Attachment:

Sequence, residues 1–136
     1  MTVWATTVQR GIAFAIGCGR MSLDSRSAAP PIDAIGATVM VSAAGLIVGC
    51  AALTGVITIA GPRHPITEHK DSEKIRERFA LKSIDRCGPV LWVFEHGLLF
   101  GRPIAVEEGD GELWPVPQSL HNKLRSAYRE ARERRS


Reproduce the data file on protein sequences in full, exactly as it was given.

Sequence, residues 1–136
     1  MTVWATTVQR GIAFAIGCGR MSLDSRSAAP PIDAIGATVM VSAAGLIVGC
    51  AALTGVITIA GPRHPITEHK DSEKIRERFA LKSIDRCGPV LWVFEHGLLF
   101  GRPIAVEEGD GELWPVPQSL HNKLRSAYRE ARERRS